The CTTC analysis has shown that lowering LDL levels with statin therapy is effective in reducing cardiovascular events even among patients with relatively low absolute risk, and suggests a likely net benefit in favour of statin therapy in this population. In light of this new evidence, should the indications for lipid-lowering therapy be broadened?
First, the population with lower absolute risk will generally derive a lower net benefit from statin therapy. Second, while some adverse events, such as new diabetes and rhabdomyolysis, appear to be at least partly dose related, other events may not be, and must be factored into clinical decision making. Third, the strength of evidence of net clinical benefit is not as great in the lower-risk groups as among those at higher risk. This is because current confidence intervals around evidence for absence of harm still leave room (at least theoretically) for slight adverse effects from cancer and non-cardiovascular mortality. This therefore could potentially offset the benefits among those at lower risk. Fourth, for some patients, the inconvenience of medication or the psychological impact of having long-term treatment may be an issue; and fifth, the benefit-to-risk ratio is not as reliably known beyond 5–6 years of treatment or for older people. Taking all of this into account, the safest first-line therapy to lower LDL cholesterol is still lifestyle modification, including dietary improvement, exercise and weight loss where applicable. However, risk-to-benefit data indicate a role for statin therapy as well, particularly if conservative measures are insufficient.
The other major consideration is financial. At the end of the 2010–11 financial year, atorvastatin and rosuvastatin comprised two of the top three most dispensed Pharmaceutical Benefits Scheme (PBS) medications, and lipid-modifying therapy was the most costly medication class to the PBS.9 PBS guidelines still restrict statin prescribing according to LDL-cholesterol levels stratified by other cardiac risk factors, excluding some individuals whose absolute risk may warrant statin therapy according to the 2012 Australian guidelines. Subsidising treatment for more people on the basis of the new CTTC evidence has financial implications.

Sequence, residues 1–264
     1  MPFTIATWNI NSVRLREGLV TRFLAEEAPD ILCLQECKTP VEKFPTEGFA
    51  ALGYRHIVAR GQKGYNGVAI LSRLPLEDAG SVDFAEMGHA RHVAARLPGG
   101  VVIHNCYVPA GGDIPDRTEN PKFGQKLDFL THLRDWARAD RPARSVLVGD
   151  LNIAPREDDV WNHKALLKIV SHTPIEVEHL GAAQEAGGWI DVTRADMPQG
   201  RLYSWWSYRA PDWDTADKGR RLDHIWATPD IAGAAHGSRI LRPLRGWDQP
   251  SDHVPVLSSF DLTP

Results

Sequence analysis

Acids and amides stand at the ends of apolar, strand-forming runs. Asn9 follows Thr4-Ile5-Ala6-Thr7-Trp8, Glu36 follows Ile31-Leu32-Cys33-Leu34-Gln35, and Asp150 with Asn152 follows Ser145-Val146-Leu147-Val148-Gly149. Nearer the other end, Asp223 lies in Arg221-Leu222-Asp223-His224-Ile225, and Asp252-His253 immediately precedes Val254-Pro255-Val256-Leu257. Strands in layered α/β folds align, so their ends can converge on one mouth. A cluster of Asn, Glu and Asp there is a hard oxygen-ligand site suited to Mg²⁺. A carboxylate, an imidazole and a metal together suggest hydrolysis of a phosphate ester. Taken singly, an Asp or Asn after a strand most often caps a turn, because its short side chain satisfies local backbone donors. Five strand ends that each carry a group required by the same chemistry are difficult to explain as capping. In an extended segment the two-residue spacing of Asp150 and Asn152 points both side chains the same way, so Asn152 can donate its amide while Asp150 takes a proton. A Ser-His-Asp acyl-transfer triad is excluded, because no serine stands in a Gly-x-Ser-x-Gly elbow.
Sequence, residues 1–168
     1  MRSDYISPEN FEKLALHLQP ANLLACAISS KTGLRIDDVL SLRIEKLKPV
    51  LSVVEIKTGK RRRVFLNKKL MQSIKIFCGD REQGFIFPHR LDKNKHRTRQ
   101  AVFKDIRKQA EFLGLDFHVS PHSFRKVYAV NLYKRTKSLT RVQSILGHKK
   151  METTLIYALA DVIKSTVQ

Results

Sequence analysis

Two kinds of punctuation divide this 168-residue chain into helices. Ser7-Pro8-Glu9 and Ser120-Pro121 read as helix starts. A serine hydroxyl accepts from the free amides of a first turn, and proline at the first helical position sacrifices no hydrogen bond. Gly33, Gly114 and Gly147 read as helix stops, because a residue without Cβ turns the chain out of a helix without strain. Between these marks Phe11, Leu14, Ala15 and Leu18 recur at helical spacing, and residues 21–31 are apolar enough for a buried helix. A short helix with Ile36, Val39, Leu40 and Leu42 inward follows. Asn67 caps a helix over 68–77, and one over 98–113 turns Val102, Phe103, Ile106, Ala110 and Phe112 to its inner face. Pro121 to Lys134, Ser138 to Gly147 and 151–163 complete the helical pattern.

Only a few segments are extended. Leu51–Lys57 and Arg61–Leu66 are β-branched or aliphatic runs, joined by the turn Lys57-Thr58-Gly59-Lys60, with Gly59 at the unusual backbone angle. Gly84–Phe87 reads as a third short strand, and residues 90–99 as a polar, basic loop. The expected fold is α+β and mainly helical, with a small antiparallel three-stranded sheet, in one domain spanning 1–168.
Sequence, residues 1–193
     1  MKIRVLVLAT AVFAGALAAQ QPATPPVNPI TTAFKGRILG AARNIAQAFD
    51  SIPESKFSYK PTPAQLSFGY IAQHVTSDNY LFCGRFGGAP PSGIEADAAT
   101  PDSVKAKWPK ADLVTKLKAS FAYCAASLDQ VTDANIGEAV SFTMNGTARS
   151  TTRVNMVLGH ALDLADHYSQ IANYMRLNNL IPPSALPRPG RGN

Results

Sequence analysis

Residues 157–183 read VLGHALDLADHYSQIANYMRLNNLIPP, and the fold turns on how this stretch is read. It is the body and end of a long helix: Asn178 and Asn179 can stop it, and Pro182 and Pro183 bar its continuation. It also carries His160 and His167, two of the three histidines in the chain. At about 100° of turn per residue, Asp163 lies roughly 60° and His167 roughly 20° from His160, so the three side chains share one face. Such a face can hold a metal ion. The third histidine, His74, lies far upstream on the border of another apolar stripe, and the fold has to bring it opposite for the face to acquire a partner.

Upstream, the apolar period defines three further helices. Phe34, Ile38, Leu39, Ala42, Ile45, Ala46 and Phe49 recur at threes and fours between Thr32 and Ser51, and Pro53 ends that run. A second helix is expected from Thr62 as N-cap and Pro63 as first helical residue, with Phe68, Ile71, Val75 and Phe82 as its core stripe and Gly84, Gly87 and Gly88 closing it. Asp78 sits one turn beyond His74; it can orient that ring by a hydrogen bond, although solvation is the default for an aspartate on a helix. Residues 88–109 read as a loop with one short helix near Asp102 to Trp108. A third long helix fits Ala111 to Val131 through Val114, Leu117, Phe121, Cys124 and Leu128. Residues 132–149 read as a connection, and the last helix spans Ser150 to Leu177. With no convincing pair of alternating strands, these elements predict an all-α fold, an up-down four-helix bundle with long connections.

Australia has higher generic statin prices than England, and a higher, and increasing, market share of patented statins.10 These two factors are argued to have cost the Australian Government up to a billion dollars more during 2005–2009, with cost discrepancies between Australia and England projected to continue. The differences partly relate to restrictions imposed on the choice of subsidised medications in England. Recently in Australia, atorvastatin has come off patent, and rosuvastatin has been reclassified11 — steps that should reduce expenditure on statin therapy, although this is likely to be by much less than it could be, based on the experiences of other nations.12 These domestic financial factors are important considerations when reviewing the role and capacity for broadened taxpayer-funded subsidy of statins. The Pharmaceutical Benefits Advisory Committee reviewed statin pricing in July 2012, and their decision will be available late in August. Statin prescriptions also incur copayment costs for the individual, but other techniques to lower cholesterol, such as gymnasium use and dietary programs, can also be expensive. In the United Kingdom, low-dose simvastatin has been available over the counter without prescription since 2004.13 This strategy may reduce the expense of consultations, although there are potential risks to patients in excluding doctors from the prescription process.
In summary, we now have considerable evidence that lipid-lowering statin therapy reduces cardiovascular events across all examined categories of absolute cardiovascular risk. The side-effect profile of statins is reassuring, even for use in individuals with a 5-year risk of less than 10%, although the benefit-to-harm ratio is greater among those at higher absolute risk. What is still not certain is at what level, clinically or financially, the absolute benefit-to-harm ratio is too low to endorse statin therapy as a routine subsidised treatment. While there is no substitute for lifestyle modification, the capacity for statin pharmacotherapy to assist in the treatment of individuals at lower risk has now been shown. This new evidence must be urgently considered, with appropriate economic analyses, for incorporation into clinical and PBS guidelines.
Provenance: Commissioned; externally peer reviewed.